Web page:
Wednesday, April 9, 2014

Major Sources for Nursing Home/Long Term Care Rules, Regulations and Individualized Care

A helpful tool is your State's Department of Health and Senior Services published materials for information on the responsibilities of the Long Term Care Facility and the rights of residents, families and caregivers. Here's the site for MO:

A primary person at the facilities should be the Social Worker who is supposed to be the advocate for each individual patient. However, they're employed and paid by the facility or ownership.

Here's a revision of Missouri's Ombudsman (now VOYCE) "The Role of the Social Worker in the Long Term Care Facility" pamphlet originally written as a result of a conference of independent practitioners and academicians from 1985 - 1987, it's gone through three revisions with the latest from 2005-2006 and latest publication in 2008. We've found the Table of Contents on Page 2 most helpful:

Remember, this is a report, a guideline, it has no real legal authority and only the published laws, rules and regulations of the State, the County, the City and Federal Authorities with jurisdiction detail what the realities are regarding the specific obligations of Long Term Care Facilities.

One of our early misconceptions was documents like the above were actually enforceable. They are insights and possible procedures but not mandates. The actual State laws are very broad, rules and regulations are developed to "funnel" down some more specific mandates. Then there are Medicare and Medicaid requirements for receipt of funding.

Some sections of the referenced report from the ombudsman we've found most helpful: Pre Admission Screening, Resident's Rights, most important section: Individualized Service Delivery including areas entitled Care Planning, Minimum Data Sets, Assessments, Notes & Plan of Care. Again, however, go to the actual State Rules and Regulations and there may be several under different areas. One of the greatest assets we have as caregivers and those who are growing older is the internet and its vast abilities to seek and find and refer to other resources.

SUGGESTION:  Spend the small amount of time and money and get a copy of each individual assessment and caregiving plan. The insights you'll gain from the facilities observations and reports as well as what has been submitted to "higher authorities" that must be transmitted to the State and Medicare/Medicaid can be invaluable as time passes.

Be sure to ask what specific reports, evaluations or other State, Federal or other entity required documents the facility must complete, produce or provide and on what regular basis to ensure you have a "total picture". And, always do it in writing; you'll probably have to pay a per page price so you can always ask to review any and all documents and reports and request specific pages or a page. In hindsight, I would do this from day one of entry of a loved one.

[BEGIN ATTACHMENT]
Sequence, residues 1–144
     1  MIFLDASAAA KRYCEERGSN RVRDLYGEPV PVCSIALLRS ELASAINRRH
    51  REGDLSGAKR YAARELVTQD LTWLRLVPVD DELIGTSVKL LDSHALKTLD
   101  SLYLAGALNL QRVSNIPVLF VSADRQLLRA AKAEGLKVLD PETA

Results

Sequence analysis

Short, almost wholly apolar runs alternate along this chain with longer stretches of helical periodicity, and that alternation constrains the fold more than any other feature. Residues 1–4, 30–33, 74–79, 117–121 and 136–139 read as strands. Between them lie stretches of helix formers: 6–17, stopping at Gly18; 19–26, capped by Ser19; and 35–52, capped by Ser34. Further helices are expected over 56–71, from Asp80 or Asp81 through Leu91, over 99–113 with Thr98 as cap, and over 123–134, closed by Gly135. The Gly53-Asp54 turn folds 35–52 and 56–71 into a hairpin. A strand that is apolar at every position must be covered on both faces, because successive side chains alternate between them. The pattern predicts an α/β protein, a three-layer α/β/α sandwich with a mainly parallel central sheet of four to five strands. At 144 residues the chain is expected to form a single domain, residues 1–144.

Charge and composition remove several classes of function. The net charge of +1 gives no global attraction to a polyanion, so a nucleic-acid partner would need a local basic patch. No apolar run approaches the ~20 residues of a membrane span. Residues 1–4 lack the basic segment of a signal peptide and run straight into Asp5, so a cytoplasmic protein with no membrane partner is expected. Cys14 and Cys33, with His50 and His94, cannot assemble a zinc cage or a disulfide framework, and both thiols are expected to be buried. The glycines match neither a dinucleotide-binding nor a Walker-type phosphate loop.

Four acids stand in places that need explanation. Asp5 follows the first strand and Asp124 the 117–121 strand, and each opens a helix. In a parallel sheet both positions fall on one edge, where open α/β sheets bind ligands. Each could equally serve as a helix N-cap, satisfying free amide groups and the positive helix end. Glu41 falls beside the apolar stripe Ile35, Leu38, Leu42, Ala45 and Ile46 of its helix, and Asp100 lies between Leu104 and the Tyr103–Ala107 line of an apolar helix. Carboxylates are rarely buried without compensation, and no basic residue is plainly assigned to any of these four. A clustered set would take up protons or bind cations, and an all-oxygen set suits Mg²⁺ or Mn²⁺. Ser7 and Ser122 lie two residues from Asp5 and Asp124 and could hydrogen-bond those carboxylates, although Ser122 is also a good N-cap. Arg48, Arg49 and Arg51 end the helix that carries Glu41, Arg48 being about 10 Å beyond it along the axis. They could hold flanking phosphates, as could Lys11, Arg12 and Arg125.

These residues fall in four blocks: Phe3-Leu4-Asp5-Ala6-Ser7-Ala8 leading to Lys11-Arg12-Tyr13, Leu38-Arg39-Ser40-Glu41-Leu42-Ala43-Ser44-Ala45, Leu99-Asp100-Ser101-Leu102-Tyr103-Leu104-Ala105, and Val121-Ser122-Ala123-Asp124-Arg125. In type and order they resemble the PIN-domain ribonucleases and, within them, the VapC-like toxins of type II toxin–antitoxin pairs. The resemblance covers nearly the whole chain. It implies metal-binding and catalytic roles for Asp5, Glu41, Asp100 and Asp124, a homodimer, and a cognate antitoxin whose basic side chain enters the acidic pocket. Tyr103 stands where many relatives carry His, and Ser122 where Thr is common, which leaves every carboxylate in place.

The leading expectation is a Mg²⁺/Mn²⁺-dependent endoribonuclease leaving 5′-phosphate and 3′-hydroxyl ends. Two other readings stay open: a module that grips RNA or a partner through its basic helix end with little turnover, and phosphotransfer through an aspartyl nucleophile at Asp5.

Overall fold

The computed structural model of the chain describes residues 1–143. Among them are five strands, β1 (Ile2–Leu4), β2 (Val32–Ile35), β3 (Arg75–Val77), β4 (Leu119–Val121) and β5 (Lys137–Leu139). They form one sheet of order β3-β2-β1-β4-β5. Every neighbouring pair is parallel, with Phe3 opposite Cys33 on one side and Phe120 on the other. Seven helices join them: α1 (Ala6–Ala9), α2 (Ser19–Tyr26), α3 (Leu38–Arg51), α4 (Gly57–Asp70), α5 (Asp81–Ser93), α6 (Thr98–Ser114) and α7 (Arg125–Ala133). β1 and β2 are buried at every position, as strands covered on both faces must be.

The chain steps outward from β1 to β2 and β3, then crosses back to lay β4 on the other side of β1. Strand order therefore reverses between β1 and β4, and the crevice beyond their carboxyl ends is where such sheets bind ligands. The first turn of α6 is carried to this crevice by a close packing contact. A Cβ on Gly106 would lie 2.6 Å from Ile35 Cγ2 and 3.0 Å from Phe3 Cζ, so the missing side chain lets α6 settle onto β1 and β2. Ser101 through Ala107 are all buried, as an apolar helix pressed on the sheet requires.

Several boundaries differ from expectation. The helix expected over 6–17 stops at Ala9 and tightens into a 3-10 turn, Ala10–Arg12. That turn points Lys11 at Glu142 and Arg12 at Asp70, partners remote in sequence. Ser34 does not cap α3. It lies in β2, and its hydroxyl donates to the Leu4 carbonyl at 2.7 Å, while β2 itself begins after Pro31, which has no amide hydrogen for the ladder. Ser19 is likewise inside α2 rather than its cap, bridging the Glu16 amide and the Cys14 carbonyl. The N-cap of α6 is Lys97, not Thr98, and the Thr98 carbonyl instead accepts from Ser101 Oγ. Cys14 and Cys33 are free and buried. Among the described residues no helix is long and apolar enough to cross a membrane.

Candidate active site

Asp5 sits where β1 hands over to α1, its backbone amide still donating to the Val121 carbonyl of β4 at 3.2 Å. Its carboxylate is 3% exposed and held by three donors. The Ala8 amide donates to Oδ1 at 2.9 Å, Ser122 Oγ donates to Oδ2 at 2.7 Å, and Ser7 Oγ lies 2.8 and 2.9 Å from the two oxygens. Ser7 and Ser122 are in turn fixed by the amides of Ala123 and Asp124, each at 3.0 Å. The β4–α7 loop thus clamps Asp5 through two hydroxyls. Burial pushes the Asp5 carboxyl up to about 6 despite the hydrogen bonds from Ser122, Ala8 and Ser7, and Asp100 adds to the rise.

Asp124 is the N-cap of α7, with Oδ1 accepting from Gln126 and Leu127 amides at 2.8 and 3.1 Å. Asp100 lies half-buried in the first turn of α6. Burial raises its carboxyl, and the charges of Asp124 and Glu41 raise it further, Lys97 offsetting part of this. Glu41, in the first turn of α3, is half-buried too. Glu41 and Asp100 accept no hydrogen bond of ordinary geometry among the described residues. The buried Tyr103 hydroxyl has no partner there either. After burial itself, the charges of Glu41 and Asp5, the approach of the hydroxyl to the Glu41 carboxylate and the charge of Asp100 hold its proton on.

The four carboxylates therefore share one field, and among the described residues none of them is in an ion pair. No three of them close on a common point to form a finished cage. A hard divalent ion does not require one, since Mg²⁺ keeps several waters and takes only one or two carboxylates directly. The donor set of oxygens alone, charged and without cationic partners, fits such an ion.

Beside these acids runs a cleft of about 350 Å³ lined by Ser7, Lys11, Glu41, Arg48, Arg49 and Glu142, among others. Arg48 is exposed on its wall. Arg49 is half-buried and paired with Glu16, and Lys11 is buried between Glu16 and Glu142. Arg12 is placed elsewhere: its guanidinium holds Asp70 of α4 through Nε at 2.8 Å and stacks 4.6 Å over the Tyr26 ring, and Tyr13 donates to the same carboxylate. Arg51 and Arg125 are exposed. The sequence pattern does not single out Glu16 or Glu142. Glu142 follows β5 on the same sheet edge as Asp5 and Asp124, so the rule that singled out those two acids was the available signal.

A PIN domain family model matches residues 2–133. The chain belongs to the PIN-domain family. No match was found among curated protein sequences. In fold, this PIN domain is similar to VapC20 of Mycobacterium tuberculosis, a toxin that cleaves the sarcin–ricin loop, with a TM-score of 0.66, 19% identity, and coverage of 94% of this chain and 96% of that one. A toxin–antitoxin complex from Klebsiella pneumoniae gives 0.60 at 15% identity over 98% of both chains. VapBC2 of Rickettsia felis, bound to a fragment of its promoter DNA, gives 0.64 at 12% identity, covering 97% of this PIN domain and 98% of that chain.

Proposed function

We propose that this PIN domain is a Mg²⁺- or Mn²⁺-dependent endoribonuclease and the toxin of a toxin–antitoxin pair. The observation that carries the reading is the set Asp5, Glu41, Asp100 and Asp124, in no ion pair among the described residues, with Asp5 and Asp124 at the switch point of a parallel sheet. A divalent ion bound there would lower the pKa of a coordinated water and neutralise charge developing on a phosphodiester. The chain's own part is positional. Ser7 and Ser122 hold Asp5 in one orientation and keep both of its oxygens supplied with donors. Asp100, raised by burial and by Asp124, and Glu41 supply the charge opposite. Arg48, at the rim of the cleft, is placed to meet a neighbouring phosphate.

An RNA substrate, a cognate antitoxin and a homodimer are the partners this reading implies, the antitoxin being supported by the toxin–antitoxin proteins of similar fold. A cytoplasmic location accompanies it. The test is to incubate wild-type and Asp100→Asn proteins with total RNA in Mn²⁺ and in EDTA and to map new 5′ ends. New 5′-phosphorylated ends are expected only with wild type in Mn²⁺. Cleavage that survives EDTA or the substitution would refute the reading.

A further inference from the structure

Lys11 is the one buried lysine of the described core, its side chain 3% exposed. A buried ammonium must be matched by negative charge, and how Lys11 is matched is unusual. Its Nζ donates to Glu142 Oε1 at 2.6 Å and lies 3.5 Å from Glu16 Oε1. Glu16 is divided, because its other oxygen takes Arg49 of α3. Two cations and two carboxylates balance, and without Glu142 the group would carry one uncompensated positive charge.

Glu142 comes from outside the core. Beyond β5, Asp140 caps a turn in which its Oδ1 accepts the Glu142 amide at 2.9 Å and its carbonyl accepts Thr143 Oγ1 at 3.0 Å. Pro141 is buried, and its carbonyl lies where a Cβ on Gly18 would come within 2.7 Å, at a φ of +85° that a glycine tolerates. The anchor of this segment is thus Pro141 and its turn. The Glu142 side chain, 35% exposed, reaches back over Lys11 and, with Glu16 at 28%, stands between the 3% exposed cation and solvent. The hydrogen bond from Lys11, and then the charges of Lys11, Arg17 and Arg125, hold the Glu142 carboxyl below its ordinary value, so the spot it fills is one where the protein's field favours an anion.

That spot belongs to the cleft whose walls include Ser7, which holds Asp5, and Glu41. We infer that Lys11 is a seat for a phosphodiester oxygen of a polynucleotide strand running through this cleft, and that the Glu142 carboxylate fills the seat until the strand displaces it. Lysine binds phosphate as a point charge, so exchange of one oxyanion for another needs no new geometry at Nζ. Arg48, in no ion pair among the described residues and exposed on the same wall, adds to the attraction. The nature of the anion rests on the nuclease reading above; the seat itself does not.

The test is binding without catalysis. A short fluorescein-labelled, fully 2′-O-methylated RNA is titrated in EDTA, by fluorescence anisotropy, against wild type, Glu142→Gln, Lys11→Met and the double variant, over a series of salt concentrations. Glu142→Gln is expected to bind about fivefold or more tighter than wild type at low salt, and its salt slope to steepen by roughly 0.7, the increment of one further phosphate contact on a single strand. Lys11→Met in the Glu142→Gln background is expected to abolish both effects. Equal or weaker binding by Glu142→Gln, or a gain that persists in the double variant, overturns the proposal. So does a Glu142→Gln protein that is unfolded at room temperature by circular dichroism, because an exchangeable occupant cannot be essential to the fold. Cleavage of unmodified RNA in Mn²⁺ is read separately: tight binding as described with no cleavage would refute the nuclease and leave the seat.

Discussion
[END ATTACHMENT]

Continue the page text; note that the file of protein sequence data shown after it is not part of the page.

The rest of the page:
SUGGESTION: If you value the quality of life of your loved one, maintain a close and highly observant role and keep a diary, record or notes; today's cell phones and computers make this much more possible to maintain, update and retain words, pictures and videos of your loved one as mentioned in the blog entry:  under Lesson #5.

 Having experienced several Long Term Care facilities for both Rehab Care and Long Term Care, we believe it is the Administrator of the facility and the ownership/top management who generally sets the "pace" for the involvement of all employees and independent contractors "employed" by the facility.

Depending on the "hierarchy" within the facility and the Staff Responsibility Relationship Chart (if there is one) as to whom the Social Worker reports to, is directly responsible to, there can be a wide variance in the actions of the Social Worker, the level of competence and the level of the person's ability and/or responsibility.

As mentioned in the previous BlogSpot entry above under Lesson #6, check not only to see if your Long Term Care facility has a Resident's Council, but that it also has a Family Council. 

KNOW BEFORE YOU GO:  Attend a Family Council Meeting and if they don't have one, ask how the families communicate with one another.

Before you choose to admit yourself or a loved one, attend both of these and at the Family Council, which is open to "everyone" in the community, you do not have to be a family member, ask to see any and all notes from meetings and/or ask to meet with a few of the people you've observed have made both positive and negative remarks about care and services within the facility.


Administration and even ownership changes; since this may be a place you entrust yourself to at a time when you may not be as capable, it's best to Plan Ahead.

Our Advice:  We plan for our education and profession; we plan for our community involvement and choices in what organizations we belong to but we don't consider planning for how, where and why we'll live some of the most important time in our life, the time of most personal care need and the time of least ability to provide it for ourselves -- eventually

And, even if your goal is to remain and to pass "at home", your life may not follow that path of pre-determination. Protect yourself with a level of "insurance" we all deserve -- DIRECT AND CONTINUING KNOWLEDGE.

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